Swimmers attempting the Kaieiewaho Channel face at least one full night of swimming and possibility two nights – both possibilities (probabilities) to encounter extraordinarily venomous creatures. The massive movement of water in the channel, both below and on the surface, will dictate that the swimmer will face tens of thousands of arm strokes through undetermined turbulence and tides with most likely lateral currents running counter to their desired course.
But just as swimmers of yesteryear had not dreamed or completed a double crossing of Lake Tahoe or Lake Memphremagog, or circumnavigations of Catalina Island, or traverses from the Farallon Islands, or Ice Miles completed in the Southern Ocean, there will be someone who ultimately solves this Kaieiewaho Channel puzzle.
They will need luck and skill, physical prowess and mental toughness, expert navigation and good luck in regards to the weather, water, winds and marine life. But it will be done. If not this year, then next year. If not in this generation, then the next one. For swimmers can see, dream, plan, and do.
Photos show Penny Palfrey in the Kaieiewaho Channel.
Copyright © 2014 by World Open Water Swimming Association
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Open Water Swimming Magazine
Open Water Swimming MagazineThe Open Water Swimming Magazine is the monthly magazine entirely focused on open water swimming heroes and heroines of every age, ability, and background. Published by the World Open Water Swimming Association, the Open Water Swimming Magazine is a free benefit to WOWSA members.
WOWSA Member Benefits include 12 issues of the Open Water Swimming Magazine, the annual 276-page Open Water Swimming Almanac, a free listing in Sponsor My Swim, outstanding product discounts from FINIS, an entry in Openwaterpedia and more...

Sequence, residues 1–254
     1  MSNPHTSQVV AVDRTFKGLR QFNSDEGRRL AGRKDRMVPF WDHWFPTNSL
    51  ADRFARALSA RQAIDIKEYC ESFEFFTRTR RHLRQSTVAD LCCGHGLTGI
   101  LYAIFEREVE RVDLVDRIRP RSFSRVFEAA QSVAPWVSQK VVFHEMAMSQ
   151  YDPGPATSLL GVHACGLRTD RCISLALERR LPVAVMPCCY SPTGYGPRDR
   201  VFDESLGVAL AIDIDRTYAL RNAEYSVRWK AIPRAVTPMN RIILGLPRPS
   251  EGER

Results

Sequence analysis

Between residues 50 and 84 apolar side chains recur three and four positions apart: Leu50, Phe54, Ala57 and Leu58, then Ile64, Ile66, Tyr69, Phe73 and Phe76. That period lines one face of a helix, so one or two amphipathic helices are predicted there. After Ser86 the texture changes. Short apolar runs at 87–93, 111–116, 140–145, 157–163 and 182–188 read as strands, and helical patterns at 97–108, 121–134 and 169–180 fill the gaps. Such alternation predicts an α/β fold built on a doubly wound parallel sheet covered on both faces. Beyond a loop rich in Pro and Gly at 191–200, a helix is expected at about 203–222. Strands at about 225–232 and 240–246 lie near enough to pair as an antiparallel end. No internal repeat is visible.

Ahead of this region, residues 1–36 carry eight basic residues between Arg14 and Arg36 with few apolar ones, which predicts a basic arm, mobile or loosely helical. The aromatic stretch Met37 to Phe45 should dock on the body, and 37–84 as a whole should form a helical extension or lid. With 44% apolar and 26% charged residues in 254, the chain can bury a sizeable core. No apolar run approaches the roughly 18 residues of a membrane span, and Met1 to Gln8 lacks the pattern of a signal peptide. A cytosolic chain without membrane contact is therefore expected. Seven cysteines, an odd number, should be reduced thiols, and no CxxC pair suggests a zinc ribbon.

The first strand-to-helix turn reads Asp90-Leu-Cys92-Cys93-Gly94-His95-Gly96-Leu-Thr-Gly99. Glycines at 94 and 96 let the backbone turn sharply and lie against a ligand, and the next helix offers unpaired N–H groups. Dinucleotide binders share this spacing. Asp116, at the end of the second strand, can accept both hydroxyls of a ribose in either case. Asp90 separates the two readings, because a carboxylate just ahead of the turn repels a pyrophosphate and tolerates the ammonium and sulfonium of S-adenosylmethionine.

The Other Shore
The Other Shore follows world record holder and legendary swimmer Diana Nyad as she comes out of a thirty-year retirement to re-attempt an elusive dream: swimming 103 miles non-stop from Cuba to Florida without the use of a shark cage. Her past and present collide in her obsession with a feat that nobody has ever accomplished. At the edge of The Devil’s Triangle, tropical storms, sharks, venomous jellyfish, and one of the strongest ocean currents in the world, all prove to be life-threatening realities. Timothy Wheeler’s documentary brings Diana Nyad’s extraordinary adventure to life as Diana sets out to prove that will and determination are all you need to make the unimaginable possible.
2014 Open Water Swimming Almanac
An Almanac for Open Water SwimmingAn almanac is essentially a body of knowledge which is so complete that it enables people in different fields to make predictions about the future of their respective industries.
This, for example, was the purpose of the traditional farmers almanacs. It enabled farmers to determine as accurately as possible which crops to plant for the greatest harvests in a given year.
But the farmers almanac was just one example among many.
There are, of course, many different kinds of almanacs.
In fact, there is even one for open water swimming...
Preview the Open Water Swimming Almanac:
The trends are very clear.
The tide is rising for open water swimming.